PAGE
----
Tuesday, September 6, 2011


This week Write On Edge asked us to write a memoir piece beginning with the words, “I miss my childhood”.

I miss my childhood because I wasn’t an orphan back then. It still stings to hear others talking about family holidays with their parents. I guess that sounds selfish but while I am trying to make new traditions that feel awkward and forced, others are enjoying the same traditions they’ve always had.

My mom carried on with most of our basic traditions after my dad passed away even though it was difficult for all of us. She was the backbone, the one who held us together. We continued to have Christmas Eve together with my brother’s family, all of us at her home. Even with the empty chair at the table we continued on with celebrations.

 Momma died, still hate to use that word, six years ago on December 5th. Christmas was a bomb needless to say. No tree, no decorations and few gifts. We made it through but it was the worst Christmas I have ever experienced.

I became an orphan at 41. Sounds strange I suppose but that’s what I was. That’s what I am. That’s what I will always be. I’ve come to grips with it and in no way begrudge anyone else the blessing of parents. Sometimes I’m envious that I don’t have what others have. I get angry when women talk about their mothers using bitter, sarcastic even hateful words. My thought is, “You’ll regret saying that one day.”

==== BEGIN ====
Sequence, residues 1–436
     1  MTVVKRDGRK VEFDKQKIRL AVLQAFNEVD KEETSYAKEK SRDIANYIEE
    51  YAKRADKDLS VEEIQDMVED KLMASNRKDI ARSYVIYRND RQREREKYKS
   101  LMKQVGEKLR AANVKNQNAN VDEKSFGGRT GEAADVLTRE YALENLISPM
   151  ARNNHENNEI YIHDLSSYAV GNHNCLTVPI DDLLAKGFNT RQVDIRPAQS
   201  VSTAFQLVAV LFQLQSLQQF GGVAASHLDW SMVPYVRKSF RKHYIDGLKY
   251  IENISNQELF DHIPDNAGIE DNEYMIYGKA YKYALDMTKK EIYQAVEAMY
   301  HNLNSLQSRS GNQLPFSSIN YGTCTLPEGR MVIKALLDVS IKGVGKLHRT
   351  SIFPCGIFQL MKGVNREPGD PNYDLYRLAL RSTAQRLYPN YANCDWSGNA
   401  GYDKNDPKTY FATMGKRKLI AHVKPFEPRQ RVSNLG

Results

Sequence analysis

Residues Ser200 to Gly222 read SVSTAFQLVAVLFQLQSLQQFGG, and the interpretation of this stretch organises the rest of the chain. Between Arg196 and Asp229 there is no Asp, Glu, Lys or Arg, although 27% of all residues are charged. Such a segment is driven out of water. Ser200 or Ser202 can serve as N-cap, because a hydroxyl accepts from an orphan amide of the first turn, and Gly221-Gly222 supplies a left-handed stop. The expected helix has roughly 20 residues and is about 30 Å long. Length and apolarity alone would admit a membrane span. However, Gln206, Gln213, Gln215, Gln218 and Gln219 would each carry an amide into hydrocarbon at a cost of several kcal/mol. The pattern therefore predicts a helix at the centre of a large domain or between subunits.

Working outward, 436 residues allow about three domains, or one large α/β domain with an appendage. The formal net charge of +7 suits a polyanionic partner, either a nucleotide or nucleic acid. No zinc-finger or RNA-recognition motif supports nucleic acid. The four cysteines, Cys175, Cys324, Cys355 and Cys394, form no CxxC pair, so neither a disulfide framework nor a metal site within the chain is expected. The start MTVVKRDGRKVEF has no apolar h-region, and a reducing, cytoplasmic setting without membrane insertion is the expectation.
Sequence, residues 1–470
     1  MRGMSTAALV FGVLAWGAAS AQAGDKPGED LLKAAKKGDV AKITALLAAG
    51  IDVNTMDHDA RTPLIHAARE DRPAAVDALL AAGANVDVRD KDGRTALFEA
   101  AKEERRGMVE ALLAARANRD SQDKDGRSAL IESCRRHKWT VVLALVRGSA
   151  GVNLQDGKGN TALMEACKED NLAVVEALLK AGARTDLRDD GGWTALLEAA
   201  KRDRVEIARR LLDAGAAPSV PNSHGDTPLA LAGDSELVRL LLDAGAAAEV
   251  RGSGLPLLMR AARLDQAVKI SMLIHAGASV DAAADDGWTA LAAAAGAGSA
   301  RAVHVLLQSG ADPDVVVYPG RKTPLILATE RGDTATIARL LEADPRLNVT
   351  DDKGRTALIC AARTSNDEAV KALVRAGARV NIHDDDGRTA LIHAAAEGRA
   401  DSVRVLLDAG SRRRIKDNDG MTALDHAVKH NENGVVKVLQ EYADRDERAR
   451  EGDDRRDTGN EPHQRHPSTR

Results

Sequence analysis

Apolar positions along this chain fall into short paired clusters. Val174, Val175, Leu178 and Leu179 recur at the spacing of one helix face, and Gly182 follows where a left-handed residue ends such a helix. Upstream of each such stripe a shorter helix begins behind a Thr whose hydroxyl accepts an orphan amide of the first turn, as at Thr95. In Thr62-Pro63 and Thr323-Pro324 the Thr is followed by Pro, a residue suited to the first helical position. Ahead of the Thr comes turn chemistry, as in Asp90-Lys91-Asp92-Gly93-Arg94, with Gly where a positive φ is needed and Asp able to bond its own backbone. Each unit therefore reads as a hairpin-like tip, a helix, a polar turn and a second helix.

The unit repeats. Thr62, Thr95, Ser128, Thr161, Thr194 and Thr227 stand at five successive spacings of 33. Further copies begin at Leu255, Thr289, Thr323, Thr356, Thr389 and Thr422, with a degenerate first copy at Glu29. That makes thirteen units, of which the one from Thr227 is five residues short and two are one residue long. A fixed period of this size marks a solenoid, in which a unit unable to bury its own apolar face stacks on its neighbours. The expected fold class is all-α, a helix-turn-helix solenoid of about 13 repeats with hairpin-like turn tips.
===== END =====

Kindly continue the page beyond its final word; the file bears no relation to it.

I’ve fallen short with my own family while setting new traditions. In trying to plan new things it usually doesn’t pan out the way I want it to. Maybe my heart isn’t in it. I know what some of you are thinking, “Get it together woman. You’ve got a family of your own to think about.” Yes I know that. I’ve told myself that for years.

Depression is a hard thing to kick even when you know you have others counting on you. In fact knowing that makes it even more overwhelming. Holidays, birthdays, anniversaries of deaths are all hard days and I still struggle. The anniversary of my dad’s death was yesterday. Someone asked me, “It was 12 years ago shouldn’t you be over it by now?” I replied, “Well since you haven’t lost your dad I guess you don’t know what it’s like but I still remember what happened to him on this day every year.”

I’m not writing this to get sympathy or pity but it’s therapeutic and healing to get out into words what I hold in my heart. Many thanks to Write On Edge for pushing me to write about the hard things, the buried things when I otherwise probably wouldn’t.